Twenty legal luminaries led by Harvard professor Laurence Tribe have written a brief urging Judge Emmet Sullivan to reject the government’s motion to dismiss the Michael Flynn case.
Those condemning the DOJ’s decision to drop the charges against Michael Flynn ignore the growing evidence of misconduct by both the FBI and the federal prosecutors.
In a rare move, a three-judge panel ordered the presiding judge in the criminal case against Flynn to respond to his attorney’s petition for a writ of mandamus.
Sullivan should not embark on any contempt proceeding against Michael Flynn. Doing so would be a misuse of his contempt power.
The U.S. Constitution makes clear that the judiciary has no business second-guessing prosecutorial decisions. That’s what Michael Flynn judge Emmet Sullivan decided to do.
Absent reconsideration or reversal of his order, Judge Emmet Sullivan has just ensured that the Russia collusion hoax will be relitigated on the federal docket.
The unsealing of the FBI’s closing memo on the Flynn investigation made two things clear: The FBI had no proper predication for investigating Flynn, and the confidential human source should be investigated for making false statements to the FBI.
New documents in the Michael Flynn case cemented that a small cadre of high-level FBI agents set a perjury trap for President Trump’s then-national security advisor.
The original defense team for Michael Flynn rejected multiple congressional immunity offers, saying Flynn wouldn’t testify without Mueller’s approval.
New facts in the Michael Flynn case call into question the voluntariness of Flynn’s plea. Judge Sullivan should dismiss the charges to send a clear message: Outrageous prosecutorial coercion will not be tolerated.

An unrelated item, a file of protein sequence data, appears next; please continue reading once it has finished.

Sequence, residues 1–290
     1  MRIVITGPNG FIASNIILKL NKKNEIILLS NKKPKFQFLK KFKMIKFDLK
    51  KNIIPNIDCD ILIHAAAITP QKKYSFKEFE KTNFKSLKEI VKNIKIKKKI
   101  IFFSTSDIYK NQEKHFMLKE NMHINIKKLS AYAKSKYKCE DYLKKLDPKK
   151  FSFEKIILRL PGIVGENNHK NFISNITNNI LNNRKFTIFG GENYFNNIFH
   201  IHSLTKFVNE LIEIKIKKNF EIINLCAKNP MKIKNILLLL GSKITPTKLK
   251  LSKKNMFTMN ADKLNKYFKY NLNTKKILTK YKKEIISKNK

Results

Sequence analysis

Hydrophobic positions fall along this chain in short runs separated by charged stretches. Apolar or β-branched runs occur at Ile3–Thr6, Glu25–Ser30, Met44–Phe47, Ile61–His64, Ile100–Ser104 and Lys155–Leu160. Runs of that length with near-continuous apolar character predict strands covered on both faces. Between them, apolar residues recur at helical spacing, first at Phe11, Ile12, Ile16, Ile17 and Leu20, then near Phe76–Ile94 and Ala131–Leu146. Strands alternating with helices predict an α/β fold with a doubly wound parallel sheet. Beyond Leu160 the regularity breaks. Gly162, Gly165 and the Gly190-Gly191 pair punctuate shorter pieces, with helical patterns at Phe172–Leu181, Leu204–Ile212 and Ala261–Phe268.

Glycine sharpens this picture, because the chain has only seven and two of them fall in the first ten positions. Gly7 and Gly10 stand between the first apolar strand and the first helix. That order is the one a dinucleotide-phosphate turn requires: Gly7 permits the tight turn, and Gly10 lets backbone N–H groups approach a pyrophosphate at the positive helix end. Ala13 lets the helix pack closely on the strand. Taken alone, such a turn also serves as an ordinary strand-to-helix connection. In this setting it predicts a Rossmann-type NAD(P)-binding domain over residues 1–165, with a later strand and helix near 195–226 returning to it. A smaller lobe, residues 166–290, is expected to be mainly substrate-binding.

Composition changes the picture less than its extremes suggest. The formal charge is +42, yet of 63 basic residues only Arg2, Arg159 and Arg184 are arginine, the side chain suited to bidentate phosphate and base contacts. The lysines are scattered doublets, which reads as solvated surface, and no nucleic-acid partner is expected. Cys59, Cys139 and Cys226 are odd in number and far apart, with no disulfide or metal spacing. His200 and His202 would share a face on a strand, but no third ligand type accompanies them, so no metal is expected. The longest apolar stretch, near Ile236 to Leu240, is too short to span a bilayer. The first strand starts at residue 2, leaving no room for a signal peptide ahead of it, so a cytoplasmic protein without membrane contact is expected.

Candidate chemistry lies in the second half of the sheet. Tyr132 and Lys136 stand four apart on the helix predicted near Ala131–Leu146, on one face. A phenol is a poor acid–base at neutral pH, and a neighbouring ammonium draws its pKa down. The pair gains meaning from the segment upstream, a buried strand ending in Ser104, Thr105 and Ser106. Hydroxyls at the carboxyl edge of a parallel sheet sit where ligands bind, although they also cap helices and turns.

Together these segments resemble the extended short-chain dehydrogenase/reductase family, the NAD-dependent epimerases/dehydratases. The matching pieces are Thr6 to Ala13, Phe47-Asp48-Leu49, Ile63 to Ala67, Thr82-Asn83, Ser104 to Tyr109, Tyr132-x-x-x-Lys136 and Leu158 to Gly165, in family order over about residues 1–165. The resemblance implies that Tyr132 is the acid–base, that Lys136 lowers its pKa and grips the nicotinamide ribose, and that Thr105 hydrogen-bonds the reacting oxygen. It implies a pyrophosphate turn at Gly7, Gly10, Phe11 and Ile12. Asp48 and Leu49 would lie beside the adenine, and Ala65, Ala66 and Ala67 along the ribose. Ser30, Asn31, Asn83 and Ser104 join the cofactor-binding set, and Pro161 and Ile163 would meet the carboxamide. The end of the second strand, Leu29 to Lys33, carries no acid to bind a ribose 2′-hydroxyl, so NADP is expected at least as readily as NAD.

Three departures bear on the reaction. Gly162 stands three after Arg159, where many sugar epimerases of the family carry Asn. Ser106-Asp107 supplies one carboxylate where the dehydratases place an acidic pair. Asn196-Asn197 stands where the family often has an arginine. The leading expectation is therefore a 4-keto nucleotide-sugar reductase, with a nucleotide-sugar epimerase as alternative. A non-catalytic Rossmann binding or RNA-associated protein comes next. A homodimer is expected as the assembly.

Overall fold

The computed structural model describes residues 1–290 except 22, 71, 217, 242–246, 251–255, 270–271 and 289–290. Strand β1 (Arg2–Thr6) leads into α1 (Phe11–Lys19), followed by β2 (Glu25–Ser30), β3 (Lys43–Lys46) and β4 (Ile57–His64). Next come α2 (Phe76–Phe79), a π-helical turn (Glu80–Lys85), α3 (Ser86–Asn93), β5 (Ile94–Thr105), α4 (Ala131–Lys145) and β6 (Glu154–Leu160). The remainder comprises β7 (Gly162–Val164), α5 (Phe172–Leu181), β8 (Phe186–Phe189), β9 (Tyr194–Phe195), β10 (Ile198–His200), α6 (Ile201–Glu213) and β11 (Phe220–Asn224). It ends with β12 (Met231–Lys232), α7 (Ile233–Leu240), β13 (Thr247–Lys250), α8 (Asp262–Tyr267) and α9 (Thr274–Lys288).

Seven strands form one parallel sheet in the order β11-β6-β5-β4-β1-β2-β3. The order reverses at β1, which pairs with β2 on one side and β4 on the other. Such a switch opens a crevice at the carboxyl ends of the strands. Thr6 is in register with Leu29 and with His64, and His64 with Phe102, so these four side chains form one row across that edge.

New documents filed under seal in federal court include exculpatory information about former White House National Security Adviser Michael Flynn.
The government’s effort to withdraw the departure motion means Flynn can ask to withdraw his guilty plea. Now the prosecutors are changing their tune.
The government responded to Flynn’s motion to dismiss based on prosecutorial misconduct, but failed to address two of the retired general’s strongest arguments.
Sidney Powell exposed several more troubling details about the prosecution of Flynn, involving both the special counsel team and Flynn’s previous attorneys.
This dispute between the prosecution and the defendant is genuine and passionate and reflects their completely divergent views of the relevant facts.
If there is to be a just result in Flynn’s case, the court must address the question about Covington’s conflict of interest. Flynn shouldn’t be punished for mistakes that are attributable to his counsel rather than to him.
While this evidence provides his attorney a solid argument that the prosecution sought to push Michael Flynn to lie, that might not be enough to carry the day with Judge Sullivan.
Two passages in Judge Emmet Sullivan’s decision, separated by scores of pages in the tedious 99-page opinion, make clear that the outcome was a forgone conclusion.
‘Far too many in the FBI and DOJ are willing to hide evidence, falsify documents and make up crimes to achieve their objectives.’
After having previously insisted there is no reason to delay Michael Flynn’s sentencing, the government has asked the judge to put both the briefing and the sentencing hearing on hold.
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